Crows Nest is a residential area located south of Kessler Boulevard, west of White River, and east of Lieber Road.

The Tudor Revival brick house has a steep, multi-gabled roof and a brick fence.
Estate of Nicholas H. Noyes, 1929 Credit: Bass Photo Co Collection, Indiana Historical Society View Source

According to Berry Sulgrove’s History Of Indianapolis And Marion County, Indiana (1884), the large number of crows that resided in the trees in the hills above White River in this southwest section of Washington Township led early settlers to give the area its name, originally spelled “Crow’s.”

The land became available for purchase when Marion County Commissioners established the township on April 16, 1822. John Krise bought land in 1830 and built a mill just south of what would later be the intersection of Spring Mill Road and Kessler Boulevard. He deeded a one-acre cemetery off Sunset Lane, which contains two dozen graves including many members of the Zion Evangelical Lutheran Church (circa 1856) later known as Pleasant View Lutheran Church. The Hessongs and Lemings families also farmed the Crows Nest area in the first half of the 19th century.

A picture of a large, rustic French chateau, with a hipped roof and two round towers with conical roofs, is above a picture of a path through the woods with a rough-hewn wooden railing.
Walden, the Frederic M. Ayres Estate, 1932 Credit: Indiana Historical Society View Source

Most of the farming families who had settled in Crows Nest sold their property during the early 1880s. Crows Nest then became a popular spot for picnics, swimming, and fishing. An article printed in the Indianapolis News on April 25, 1903, identified “Crow’s Nest” as a “Large Summer Colony to the North.” Some families lived in Crows Nest from April to November and then closed them up for the winter to move back closer to town. Judge Solomon Claypool purchased property located on both sides of Spring Mill Road in the early 1880s to use it as a campground and picnic site for his children. The Claypools named the property “Camp Felicity.” George A. Dickson, a theatrical manager who owned the Grand and Park theaters, built an elaborate log house in Crows Nest with an adjoining barn, servants’ quarters, and summer card house. He also built “a veritable ‘crow’s nest’… high in a grand old tree.”

At the turn of the century, the American Country Home movement was thriving throughout the nation. A growing number of people lived in their suburban homes year-round. Albert Lieber, president of the Indianapolis Brewing Company, was one of the leading Indianapolis industrialists who very early made Crows Nest his home. In 1904, he built a farmstead that he named “Vellamada”  on the bluff over the White River. Other early year-round residents included Albert Cole, a physician, and W. Hathaway Simmons, director of the Bemis Bag Company.

Aerial photograph of the land and buildings of Questover, ca. 1920s
Aerial of Questover, ca. 1920s Credit: Lee Alig

In 1920, at the onset of Prohibition, Lieber sold Vellamada to Frank Stalnaker, president of Indiana National Bank. Stalnaker and his wife Cecilia renamed the 45-acre estate Questover and sold much of the farmland, which became part of Highland Country Club. Stalnaker hired well-known landscape architect Jens Jensen to provide a new landscaping plan.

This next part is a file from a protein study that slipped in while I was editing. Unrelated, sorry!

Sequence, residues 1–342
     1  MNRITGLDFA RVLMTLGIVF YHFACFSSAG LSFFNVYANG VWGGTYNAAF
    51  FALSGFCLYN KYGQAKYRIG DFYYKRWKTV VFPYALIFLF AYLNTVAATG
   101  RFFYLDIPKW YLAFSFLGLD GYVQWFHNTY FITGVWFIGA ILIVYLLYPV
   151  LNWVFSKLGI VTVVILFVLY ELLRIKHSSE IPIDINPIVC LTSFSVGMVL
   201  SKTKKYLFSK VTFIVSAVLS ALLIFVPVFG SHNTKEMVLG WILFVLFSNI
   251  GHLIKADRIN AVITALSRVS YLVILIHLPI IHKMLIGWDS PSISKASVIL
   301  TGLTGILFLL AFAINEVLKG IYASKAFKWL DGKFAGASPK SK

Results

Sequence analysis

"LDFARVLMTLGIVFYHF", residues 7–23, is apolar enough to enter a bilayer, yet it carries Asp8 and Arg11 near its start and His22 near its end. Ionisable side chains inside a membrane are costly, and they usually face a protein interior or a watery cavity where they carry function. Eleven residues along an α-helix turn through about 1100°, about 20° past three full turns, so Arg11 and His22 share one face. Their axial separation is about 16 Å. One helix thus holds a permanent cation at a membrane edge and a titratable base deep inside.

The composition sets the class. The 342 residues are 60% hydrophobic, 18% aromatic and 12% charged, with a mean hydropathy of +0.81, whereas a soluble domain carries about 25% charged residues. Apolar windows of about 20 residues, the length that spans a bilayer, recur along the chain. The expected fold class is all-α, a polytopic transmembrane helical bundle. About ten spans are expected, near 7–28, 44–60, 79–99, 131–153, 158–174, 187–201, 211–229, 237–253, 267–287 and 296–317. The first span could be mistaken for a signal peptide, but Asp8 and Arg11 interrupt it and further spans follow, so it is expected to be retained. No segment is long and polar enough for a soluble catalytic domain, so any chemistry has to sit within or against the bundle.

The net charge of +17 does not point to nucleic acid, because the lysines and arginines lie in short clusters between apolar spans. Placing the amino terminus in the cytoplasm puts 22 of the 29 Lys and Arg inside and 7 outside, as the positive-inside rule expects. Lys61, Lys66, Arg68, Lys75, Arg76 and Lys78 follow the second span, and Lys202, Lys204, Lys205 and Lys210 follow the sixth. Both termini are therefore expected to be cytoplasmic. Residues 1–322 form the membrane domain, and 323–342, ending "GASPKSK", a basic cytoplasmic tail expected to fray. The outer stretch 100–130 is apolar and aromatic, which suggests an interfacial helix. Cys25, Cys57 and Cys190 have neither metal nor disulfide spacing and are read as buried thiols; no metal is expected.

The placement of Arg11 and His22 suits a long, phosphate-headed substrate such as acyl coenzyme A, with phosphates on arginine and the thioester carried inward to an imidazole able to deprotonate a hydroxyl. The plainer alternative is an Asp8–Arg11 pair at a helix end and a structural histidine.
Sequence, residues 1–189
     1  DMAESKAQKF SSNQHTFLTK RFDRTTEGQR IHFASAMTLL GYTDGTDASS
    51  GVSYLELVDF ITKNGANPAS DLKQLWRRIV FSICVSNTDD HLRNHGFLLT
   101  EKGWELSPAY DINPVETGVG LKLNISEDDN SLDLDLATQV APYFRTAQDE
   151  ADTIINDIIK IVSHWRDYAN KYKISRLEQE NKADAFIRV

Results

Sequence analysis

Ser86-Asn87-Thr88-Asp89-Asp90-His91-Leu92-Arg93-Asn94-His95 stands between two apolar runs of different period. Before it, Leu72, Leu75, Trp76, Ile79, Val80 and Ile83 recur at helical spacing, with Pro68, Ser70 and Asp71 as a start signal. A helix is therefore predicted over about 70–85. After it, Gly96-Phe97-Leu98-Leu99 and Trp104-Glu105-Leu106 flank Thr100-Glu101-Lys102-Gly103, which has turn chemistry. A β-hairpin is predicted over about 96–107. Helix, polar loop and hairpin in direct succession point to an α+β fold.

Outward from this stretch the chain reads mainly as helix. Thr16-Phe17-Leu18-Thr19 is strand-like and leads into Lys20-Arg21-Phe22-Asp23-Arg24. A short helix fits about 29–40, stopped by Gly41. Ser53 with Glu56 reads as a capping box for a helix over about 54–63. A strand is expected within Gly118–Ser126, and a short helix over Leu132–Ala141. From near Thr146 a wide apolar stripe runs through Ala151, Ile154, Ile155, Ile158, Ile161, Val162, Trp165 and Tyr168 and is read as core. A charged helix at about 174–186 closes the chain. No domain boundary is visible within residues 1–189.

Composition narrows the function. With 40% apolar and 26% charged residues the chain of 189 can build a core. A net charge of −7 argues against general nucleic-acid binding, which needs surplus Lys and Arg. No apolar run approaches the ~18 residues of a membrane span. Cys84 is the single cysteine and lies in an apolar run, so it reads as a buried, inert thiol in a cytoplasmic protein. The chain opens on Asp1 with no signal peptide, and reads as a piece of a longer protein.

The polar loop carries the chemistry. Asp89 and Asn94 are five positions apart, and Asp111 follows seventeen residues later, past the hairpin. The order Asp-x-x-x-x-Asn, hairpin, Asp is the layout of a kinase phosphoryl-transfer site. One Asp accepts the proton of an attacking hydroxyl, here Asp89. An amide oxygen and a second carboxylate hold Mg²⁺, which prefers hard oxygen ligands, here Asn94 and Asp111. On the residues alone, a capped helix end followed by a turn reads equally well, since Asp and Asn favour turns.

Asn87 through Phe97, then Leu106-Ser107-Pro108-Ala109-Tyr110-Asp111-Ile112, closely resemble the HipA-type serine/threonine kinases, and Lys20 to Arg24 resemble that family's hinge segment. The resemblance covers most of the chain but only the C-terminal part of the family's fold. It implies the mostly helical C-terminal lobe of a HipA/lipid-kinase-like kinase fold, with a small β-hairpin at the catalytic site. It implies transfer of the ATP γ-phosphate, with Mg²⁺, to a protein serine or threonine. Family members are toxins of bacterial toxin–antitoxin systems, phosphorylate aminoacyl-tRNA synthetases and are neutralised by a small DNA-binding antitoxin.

In 1927, 37 of the residents petitioned for incorporation as the Town of Crows Nest. In August of that year, the Marion County Commissioners voted to approve the petition. The boundaries of the Town of Crows Nest have remained unchanged since that time. By the late 1920s, Crows Nest became an enclave of private estates, ranging in size from 2 to 20 acres and greater along the White River bluff along Sunset Lane, which forms the only entrance to the area. The road curves its way toward White River and then curves west to a turnaround.

Aerial view of a large, white, Colonial Revival mansion with a mansard roof set with dormer windows. There is a group of large greenhouses, a garage/servants building and a gazebo also on the estate.
Cedar Crest on Sunset Lane ca. 1930s. Built by Albert M. And Ruth Schuyler Cole in 1906, later purchased by J. K. Lilly. Credit: Lee Alig

Many of the large estates include impressive entrance gates and deep curving lanes. Architects and landscape architects worked together closely “to blend the houses and outbuildings with the natural settings of woods and river.” Some feature formal and naturalistic gardens.

Over the years some of the city’s leading citizens, such as Eli Lilly, Nicholas Noyes, Albert Lieber, Frank Stalnaker, Charles Lynn, Richard Fairbanks, Henry Atkins, Jack and Sarah Goodman, and the Ayres family, all owned properties in Crows Nest. At one time the street known as Sunset Lane was dubbed “Pill Hill” because several executives of the Lilly pharmaceutical company lived there. Many Crows Nest property owners retained the services of noteworthy architects to construct homes befitting their status within the Indianapolis community. Those architects included Robert Frost Daggett, Lee BurnsVonnegut and Bohn, Edward James, Franz Herting, Frederick Wallick, and Courton Comber. Most structures in the Crows Nest were constructed between 1905 and 1950.

During its early years, residents took turns acting as mayor. Eli Lilly served as mayor three times. Town meetings took place three or four times a year. In 1934, six homeowners along White River, just north of Kessler and east of Spring Mill incorporated as the town of North Crows Nest. Both communities retain their status as separate incorporated communities. In 1957, the Stalnaker property, Questover, was subdivided and renamed Questover Circle.

With Unigov, Crows Nest and North Crows Nest became included towns. They are governed by elected councils.

Crows Nest was placed on the National Register of Historic Places in 2000.

Revised April 2021

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